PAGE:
SANBORN, HENRY BRADLEY
SANBORN, HENRY BRADLEY (1845–1912). Henry Bradley Sanborn, businessman and rancher, the "father of Amarillo," son of Edmund and Harriet (White) Sanborn, was born on September 10, 1845, in St. Lawrence County, New York, and received his early education there. At the age of nineteen he moved to DeKalb, Illinois, to work for Joseph F. Glidden's hardware firm and boarded in Glidden's home. There he met Glidden's niece, Ellen M. Wheeler, whom he married on February 20, 1868; they had one son. For several years Sanborn profited by selling wooden eaves troughs; then, in 1872, he formed a partnership with Judson P. Warner to sell horses in the Denver, Colorado, market. Sanborn obtained the horses in the East, and Warner sold them in Denver. In 1875 Glidden sought out his former employee with a proposal that Sanborn become the chief salesman to Texas ranchers for Glidden's recently patented invention, barbed wire. The young horse dealers closed out their Denver office and signed a contract with Glidden and his partner, Isaac L. Ellwood, to introduce and sell exclusively the entire output of the DeKalb factory for two years. Later in the year Sanborn went to Texas to estimate the potential sales of barbed wire in the state. Although he encountered initial prejudice toward the new product, he had the company ship four carloads of wire, one each to Sherman, Dallas, Austin, and San Antonio, and asked that Warner come and help him sell it. Their advertising campaign soon worked, for by 1876 their annual sales amounted to almost a million dollars. After establishing headquarters in Houston, Sanborn invested some of his earnings in a 2,000-acre horse and cattle ranch twelve miles west of Sherman in Grayson County.
In 1881 Sanborn formed a partnership with Glidden and established the Frying Pan Ranch in Potter and Randall counties to demonstrate further the value of barbed wire. However, he continued to improve his Grayson County properties. Sanborn, an avid horse breeder, produced a superior cow pony by crossing thoroughbreds with Spanish mustangs. He also took pride in his racehorses and harness stallions and every fall staged a horse show at Dallas in which he exhibited his best stock. Later he donated the plot of ground where this fair was held to the city of Dallas, and it became the site of the Cotton Bowl and annual State Fair of Texas. Sanborn bought and fenced 17,000 acres in Clay County in 1887 and later acquired another 40,000 acres in Hall County. He also purchased the Hutchins House in Houston in 1892 and made it a first-class hotel. Sanborn's interest in the Frying Pan Ranch deepened when the Fort Worth and Denver City Railway built through the Panhandle in 1887. He platted a townsite near the ranch's eastern boundary and sought to get the center of the new Potter county seat, Amarillo, relocated there. This effort, which caused much controversy, proved successful after heavy rains flooded J. T. Berry's old townsite in 1889. In 1894 Sanborn terminated his partnership with Glidden to devote more time to his town properties. Among other projects, he built the ornate Amarillo Hotel, at a cost of $50,000. He also developed the town's first waterworks, which he sold in 1902. In December 1890 the Sanborns' only child, Ellwood, died at the age of twenty-one. Subsequently, Sanborn gave the city a nine-acre tract that he named Ellwood Park. Sanborn and his wife gave a twenty-acre site to St. Anthony's Hospital, and later Mrs. Sanborn gave the grounds for Sanborn Park.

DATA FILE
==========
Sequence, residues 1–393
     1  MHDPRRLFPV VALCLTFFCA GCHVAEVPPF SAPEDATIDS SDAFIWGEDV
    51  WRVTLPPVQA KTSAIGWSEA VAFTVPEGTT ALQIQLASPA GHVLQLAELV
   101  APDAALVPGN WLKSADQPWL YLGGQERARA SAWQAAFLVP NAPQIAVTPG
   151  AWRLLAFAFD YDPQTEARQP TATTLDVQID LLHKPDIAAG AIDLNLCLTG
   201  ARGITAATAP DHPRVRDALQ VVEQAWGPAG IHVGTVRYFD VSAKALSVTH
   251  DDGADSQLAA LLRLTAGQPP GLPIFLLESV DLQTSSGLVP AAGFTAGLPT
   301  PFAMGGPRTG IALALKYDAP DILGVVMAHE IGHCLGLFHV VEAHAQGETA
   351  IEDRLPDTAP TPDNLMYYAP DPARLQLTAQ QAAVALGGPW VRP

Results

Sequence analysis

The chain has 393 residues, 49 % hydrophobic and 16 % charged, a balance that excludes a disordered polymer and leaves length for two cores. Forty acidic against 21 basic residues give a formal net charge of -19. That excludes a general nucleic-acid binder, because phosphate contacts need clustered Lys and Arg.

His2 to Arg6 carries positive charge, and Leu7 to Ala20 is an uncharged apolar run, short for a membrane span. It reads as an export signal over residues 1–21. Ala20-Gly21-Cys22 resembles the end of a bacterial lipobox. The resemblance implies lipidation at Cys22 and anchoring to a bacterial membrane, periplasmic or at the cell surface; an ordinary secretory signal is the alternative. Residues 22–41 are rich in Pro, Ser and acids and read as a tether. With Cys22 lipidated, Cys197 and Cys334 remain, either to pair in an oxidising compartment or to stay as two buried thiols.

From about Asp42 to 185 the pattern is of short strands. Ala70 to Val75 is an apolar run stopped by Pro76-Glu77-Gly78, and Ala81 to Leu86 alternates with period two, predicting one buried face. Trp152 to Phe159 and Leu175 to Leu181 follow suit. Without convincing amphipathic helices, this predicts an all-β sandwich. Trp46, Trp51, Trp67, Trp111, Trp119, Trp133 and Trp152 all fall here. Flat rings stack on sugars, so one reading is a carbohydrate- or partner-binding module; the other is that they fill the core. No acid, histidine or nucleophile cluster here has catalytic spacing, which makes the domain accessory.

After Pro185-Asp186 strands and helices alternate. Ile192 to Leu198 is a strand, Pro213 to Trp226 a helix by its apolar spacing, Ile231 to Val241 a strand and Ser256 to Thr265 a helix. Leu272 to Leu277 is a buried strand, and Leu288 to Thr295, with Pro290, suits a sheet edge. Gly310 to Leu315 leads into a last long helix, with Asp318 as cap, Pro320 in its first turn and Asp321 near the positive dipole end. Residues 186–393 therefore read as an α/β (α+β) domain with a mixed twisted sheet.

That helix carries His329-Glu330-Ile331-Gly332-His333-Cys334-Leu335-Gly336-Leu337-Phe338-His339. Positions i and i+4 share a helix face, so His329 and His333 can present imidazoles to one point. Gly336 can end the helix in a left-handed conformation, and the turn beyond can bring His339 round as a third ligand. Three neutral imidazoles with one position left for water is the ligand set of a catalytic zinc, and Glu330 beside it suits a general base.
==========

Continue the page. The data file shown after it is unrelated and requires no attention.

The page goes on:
In 1892 Sanborn sold his Grayson County ranch to the Sanborn Farm and Livestock Company and moved to a palatial estate in Kansas City. In 1902 he moved to Amarillo and established his home on the 400 block of Buchanan Street, the present site of the Amarillo Civic Center. A high iron fence surrounded the entire block, and part of the area contained several pet deer. There were also an office building, a carriage house, and stables for Sanborn's six matched Cleveland bays. His elegant tallyho soon became the town's pride. Besides his Amarillo and Potter County properties, Sanborn also owned the 120,000-acre Bravo Ranch in Hartley County south of Dalhart. He devoted much time and energy to Amarillo's civic needs during his last years. He died on May 19, 1912, at a sanitarium in Battle Creek, Michigan, where he had gone for treatment. He was buried in Forest Hills Cemetery, Kansas City. Shortly afterward, Ellen Sanborn sold the Bravo Ranch property to Cornelius T. Herring and Patrick H. Landergin (see LANDERGIN BROTHERS) for $500,000; she continued to reside in the house in Amarillo until her death in 1920. In 1921 the Sanborn house was moved to 1409 Madison Street in Amarillo; a historical marker was later placed there by the Texas Historical Commission. The Sanborn papers are housed in the research center of the Panhandle-Plains Historical Museum.
James Cox, Historical and Biographical Record of the Cattle Industry (2 vols., St. Louis: Woodward and Tiernan Printing, 1894, 1895; rpt., with an introduction by J. Frank Dobie, New York: Antiquarian, 1959). C. L. Douglas, Cattle Kings of Texas (Dallas: Baugh, 1939; rpt., Fort Worth: Branch-Smith, 1968). Della Tyler Key, In the Cattle Country: History of Potter County, 1887–1966 (Amarillo: Tyler-Berkley, 1961; 2d ed., Wichita Falls: Nortex, 1972). Pauline D. and R. L. Robertson, Cowman's Country: Fifty Frontier Ranches in the Texas Panhandle, 1876–1887 (Amarillo: Paramount, 1981).
The following, adapted from the Chicago Manual of Style, 15th edition, is the preferred citation for this article.H. Allen Anderson, "SANBORN, HENRY BRADLEY," Handbook of Texas Online (http://www.tshaonline.org/handbook/online/articles/fsa18), accessed February 26, 2015. Uploaded on June 15, 2010. Published by the Texas State Historical Association.